The geography of Hong Kong primarily consists of three main territories: Hong Kong Island, Kowloon Peninsula, and the New Territories.
The name "Hong Kong", literally meaning "fragrant harbour", is derived from the area around present-day Aberdeen on Hong Kong Island, where fragrant wood products and fragrant incense were once traded. The narrow body of water separating Hong Kong Island and Kowloon Peninsula, Victoria Harbour, is one of the deepest natural maritime ports in the world. Hong Kong and its 260 territorial islands and peninsulas are located in the South China Sea, at the mouth of Pearl River Delta.
The Kowloon Peninsula to the south of Boundary Street and the New Territories to the north of Hong Kong Island were added to Colonial Hong Kong in 1860 and 1898 respectively. The body of water between Hong Kong Island and Kowloon Peninsula is Victoria Harbour, one of the deepest maritime ports in the world. The landscape of Hong Kong is fairly hilly to mountainous with steep slopes. The highest point in the territory is Tai Mo Shan, at a height of 958 metres. Lowlands exist in the northwestern part of the New Territories.
Hong Kong is 60 km east of Macau on the opposite side of the Pearl River estuary. It has a land border with Shenzhen to the north. The remaining land is reserved as country parks and nature reserves.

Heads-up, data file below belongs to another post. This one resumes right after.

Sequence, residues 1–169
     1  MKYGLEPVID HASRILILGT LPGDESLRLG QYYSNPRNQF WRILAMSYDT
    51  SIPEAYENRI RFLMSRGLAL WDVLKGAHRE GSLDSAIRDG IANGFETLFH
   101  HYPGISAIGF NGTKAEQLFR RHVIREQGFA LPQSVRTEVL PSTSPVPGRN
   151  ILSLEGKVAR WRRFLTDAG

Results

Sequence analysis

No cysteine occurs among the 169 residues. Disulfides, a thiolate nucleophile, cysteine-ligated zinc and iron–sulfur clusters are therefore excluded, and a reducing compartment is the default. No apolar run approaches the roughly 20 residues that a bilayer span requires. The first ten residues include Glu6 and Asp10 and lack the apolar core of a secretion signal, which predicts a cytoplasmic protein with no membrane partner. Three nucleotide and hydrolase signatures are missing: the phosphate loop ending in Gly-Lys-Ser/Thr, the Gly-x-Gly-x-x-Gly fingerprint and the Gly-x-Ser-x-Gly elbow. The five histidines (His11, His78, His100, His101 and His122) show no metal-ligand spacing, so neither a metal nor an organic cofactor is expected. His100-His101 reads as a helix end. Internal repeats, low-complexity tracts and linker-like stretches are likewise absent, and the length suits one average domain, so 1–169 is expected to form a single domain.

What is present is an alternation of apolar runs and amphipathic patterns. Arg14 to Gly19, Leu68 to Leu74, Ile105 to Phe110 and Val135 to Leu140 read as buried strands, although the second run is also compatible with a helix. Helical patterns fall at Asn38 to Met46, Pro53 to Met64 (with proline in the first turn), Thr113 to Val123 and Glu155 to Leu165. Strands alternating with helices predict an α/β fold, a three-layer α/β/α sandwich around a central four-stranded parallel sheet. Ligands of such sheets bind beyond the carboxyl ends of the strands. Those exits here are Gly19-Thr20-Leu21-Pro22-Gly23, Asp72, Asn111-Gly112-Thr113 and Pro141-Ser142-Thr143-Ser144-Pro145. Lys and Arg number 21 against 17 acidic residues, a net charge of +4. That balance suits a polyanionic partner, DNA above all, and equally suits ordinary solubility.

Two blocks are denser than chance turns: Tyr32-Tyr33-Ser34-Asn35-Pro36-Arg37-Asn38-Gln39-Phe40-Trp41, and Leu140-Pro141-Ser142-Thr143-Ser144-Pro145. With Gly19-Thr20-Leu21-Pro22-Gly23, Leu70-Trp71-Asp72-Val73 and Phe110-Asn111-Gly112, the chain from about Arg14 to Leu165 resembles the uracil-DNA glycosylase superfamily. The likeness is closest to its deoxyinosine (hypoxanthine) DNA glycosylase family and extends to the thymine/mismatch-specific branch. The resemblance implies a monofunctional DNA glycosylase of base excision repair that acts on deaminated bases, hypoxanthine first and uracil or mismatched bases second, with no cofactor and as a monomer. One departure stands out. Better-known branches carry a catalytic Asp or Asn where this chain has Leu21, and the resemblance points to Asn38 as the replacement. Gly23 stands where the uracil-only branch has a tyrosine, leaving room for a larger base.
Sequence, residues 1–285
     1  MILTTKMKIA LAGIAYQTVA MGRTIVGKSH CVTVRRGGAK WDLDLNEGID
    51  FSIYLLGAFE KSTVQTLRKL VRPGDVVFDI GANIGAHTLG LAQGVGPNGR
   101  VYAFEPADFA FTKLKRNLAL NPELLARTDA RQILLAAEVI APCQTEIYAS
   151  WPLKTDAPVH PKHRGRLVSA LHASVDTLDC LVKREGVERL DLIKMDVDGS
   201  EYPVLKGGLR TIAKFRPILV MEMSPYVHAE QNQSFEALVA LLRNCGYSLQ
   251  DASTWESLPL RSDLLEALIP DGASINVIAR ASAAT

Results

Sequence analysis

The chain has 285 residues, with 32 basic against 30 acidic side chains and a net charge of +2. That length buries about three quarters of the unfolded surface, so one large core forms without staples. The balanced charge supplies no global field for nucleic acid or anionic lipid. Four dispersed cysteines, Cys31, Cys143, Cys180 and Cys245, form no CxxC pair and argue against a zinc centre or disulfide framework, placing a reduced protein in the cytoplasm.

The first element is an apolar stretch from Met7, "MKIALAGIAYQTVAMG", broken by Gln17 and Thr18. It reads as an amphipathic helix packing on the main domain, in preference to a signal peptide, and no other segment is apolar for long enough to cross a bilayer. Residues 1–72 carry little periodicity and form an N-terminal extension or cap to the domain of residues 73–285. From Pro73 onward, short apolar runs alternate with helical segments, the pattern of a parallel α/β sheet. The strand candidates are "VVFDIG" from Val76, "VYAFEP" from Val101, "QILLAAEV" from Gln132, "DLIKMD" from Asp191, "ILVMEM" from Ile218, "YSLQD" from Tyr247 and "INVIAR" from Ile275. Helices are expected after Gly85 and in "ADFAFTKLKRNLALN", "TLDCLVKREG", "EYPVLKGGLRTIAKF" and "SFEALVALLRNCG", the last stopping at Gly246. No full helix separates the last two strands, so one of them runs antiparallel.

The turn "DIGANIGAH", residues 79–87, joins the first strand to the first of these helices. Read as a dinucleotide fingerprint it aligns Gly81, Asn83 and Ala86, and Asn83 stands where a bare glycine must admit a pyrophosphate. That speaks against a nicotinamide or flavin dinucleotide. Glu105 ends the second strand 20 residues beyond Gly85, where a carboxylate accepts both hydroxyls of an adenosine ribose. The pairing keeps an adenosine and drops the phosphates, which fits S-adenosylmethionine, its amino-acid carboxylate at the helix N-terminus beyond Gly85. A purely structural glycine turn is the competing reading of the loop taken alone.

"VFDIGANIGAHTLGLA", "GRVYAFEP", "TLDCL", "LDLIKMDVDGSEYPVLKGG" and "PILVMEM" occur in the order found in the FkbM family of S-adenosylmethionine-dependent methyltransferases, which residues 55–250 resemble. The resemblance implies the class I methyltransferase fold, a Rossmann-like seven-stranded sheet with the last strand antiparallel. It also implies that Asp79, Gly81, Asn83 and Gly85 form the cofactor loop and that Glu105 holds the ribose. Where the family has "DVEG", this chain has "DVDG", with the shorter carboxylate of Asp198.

Victoria Peak, the highest point on Hong Kong Island, at 552 m is the 24th highest peak in Hong Kong.
The natural resources of Hong Kong can be divided into three main categories:
- Metalliferous minerals and non-metalliferous industrial minerals in the onshore area;
- Quarried rock and building stone;
- Offshore sand deposits.
Despite its small size, Hong Kong has a relatively large number of mineral occurrences. Some mineral deposits have been exploited commercially. Metalliferous mineral occurrences are grouped into four broad categories: tin-tungsten-molybdenum mineralisation, copper-lead-zinc mineralisation, ironmineralisation and placer deposits of tin and gold. Mesozoic igneous activity is largely responsible for this diversity of mineral deposits and the mineral concentrations have been variably enhanced by hydrothermal activity associated with faulting. Concentrations of non-metalliferous minerals that have been commercially exploited include kaolin clay, feldspar, quartz, beryl and graphite.
For many years, granite and volcanic rocks have been quarried locally for road base metal, riprap, armour stone and asphalt, although the main purpose now is for concrete aggregates. At present, there are three quarries operating in Hong Kong. These are principally in granite and are located at Lam Tei, Shek O and Anderson Road. All the quarries are in the process of rehabilitation and have a life expectancy of between two to eight years.
Offshore sand bodies have been dredged for aggregate sand and reclamation fill in Hong Kong as the rate of urban development has increased.
Additional natural resources include forest and wildlife..